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New Study Finds Selective Nodal Radiation More Effective In Treating Cancer

A new study conducted by researchers at the University of Colorado Cancer Center has revealed that the frequency with which certain cancers come back can be brought down to a certain degree by irradiating certain set of lymph nodes near the tumour rather than all of them together. The study was published in Nature Communications.

Commenting on the study findings, Sana Karam, MD, PhD, associate professor of radiation oncology at the University Of Colorado School Of Medicine and the study's senior author, said "Doctors have traditionally irradiated all the lymph nodes surrounding a tumor in a process called elective nodal irradiation. But the problem with this scorched-earth approach in the era of immunotherapy is that doing so also eliminates the source of immune cells for the immunotherapy to work on. Lymph nodes are the hub for priming and expanding the major immune cells that can go and fight the cancer."

Through the study, researchers understood that irradiating all the lymph nodes around a tumor brought down immune memory and antigen spread, thus leading to a larger risk of the cancer going to areas far away from where it originated.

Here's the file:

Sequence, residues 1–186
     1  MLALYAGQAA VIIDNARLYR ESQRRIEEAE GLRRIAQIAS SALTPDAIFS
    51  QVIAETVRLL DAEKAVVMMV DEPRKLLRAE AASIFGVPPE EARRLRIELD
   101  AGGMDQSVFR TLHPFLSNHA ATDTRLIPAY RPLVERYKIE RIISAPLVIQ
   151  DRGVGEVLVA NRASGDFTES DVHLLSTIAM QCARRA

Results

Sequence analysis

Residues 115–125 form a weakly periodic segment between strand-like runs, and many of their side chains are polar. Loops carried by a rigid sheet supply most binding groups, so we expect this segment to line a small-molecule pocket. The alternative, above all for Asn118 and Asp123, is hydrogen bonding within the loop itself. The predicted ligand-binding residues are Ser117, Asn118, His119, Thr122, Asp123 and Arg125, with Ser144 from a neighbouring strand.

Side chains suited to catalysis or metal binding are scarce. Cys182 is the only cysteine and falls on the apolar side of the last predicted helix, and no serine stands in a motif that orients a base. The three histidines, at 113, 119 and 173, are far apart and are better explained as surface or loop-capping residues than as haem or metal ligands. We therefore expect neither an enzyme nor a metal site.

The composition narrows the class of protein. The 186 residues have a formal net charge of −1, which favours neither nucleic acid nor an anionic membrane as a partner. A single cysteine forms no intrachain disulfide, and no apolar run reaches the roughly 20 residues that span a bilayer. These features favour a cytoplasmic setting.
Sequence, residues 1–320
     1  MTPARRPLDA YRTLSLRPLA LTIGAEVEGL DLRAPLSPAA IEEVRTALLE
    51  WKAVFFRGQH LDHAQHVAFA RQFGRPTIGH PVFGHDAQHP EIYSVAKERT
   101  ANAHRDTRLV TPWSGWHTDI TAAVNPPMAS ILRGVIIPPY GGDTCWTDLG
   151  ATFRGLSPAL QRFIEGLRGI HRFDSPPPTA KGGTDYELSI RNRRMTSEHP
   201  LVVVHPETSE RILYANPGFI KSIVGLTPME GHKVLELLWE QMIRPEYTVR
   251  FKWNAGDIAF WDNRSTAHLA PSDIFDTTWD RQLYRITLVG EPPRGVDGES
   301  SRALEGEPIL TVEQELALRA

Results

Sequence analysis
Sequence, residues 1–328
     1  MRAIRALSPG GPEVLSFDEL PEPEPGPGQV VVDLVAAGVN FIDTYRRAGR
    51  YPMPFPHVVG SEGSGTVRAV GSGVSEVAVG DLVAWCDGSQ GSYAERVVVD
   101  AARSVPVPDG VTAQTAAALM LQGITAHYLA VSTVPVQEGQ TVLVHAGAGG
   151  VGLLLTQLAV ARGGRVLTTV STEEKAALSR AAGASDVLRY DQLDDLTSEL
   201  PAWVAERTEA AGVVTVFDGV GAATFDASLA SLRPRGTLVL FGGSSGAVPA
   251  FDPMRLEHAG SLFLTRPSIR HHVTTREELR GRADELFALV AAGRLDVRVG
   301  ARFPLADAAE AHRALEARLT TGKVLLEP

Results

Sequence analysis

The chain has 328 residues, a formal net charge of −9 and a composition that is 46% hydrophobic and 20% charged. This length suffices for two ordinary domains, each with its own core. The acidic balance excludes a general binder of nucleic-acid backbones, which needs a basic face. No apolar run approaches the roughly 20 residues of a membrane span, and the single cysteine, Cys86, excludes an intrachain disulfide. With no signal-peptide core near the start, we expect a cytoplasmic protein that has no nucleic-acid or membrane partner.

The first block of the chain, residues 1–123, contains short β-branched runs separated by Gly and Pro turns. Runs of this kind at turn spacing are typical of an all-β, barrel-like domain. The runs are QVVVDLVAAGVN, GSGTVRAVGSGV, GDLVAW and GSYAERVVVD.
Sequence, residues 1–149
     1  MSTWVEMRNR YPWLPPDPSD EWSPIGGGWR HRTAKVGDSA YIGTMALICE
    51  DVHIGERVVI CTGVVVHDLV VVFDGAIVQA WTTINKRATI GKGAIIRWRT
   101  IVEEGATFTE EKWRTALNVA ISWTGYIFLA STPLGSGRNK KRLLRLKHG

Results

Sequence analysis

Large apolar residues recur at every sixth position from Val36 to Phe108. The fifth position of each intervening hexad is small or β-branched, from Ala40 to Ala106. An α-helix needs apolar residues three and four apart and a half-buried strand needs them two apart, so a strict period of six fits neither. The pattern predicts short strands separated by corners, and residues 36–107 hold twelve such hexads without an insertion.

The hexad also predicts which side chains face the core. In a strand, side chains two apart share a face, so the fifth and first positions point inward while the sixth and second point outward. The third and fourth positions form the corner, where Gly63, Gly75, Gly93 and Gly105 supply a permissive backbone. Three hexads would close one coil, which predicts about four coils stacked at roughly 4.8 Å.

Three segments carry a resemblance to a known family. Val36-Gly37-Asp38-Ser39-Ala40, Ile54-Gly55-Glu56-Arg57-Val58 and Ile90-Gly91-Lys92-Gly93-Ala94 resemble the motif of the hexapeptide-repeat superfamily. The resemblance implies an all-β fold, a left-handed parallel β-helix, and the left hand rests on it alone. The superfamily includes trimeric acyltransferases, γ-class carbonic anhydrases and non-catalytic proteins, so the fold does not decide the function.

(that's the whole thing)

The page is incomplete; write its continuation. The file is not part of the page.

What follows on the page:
The team tested this theory pre-clinically on different tumor models of head and neck, along with a breast cancer and melanoma model. The result was the same, irrespective of the type of cancer that was being treated. When radiation killed the immune cells, which could recognize what the cancer looked like, the body's immune system was not able to fight the cancer systemically.

As part of the study, researchers also found that removing certain lymph nodes known as sentinel lymph nodes was very necessary as the failure to remove those will result in the cancer cells occurring once again.

The findings of the study were supported by data from a recently conducted human patient clinical trial where pre-surgical radiation was restricted to the main tumor and the sentinel lymph nodes while skipping all other lymph nodes in order to sustain immune memory. Researchers found that the immune system in these patients was very active, which is synonymous with a better prognosis.

Karam concluded, "We're hopeful that this data will set the stage for future clinical trial design, not only reducing patients' side effects but also improving long-term outcomes."

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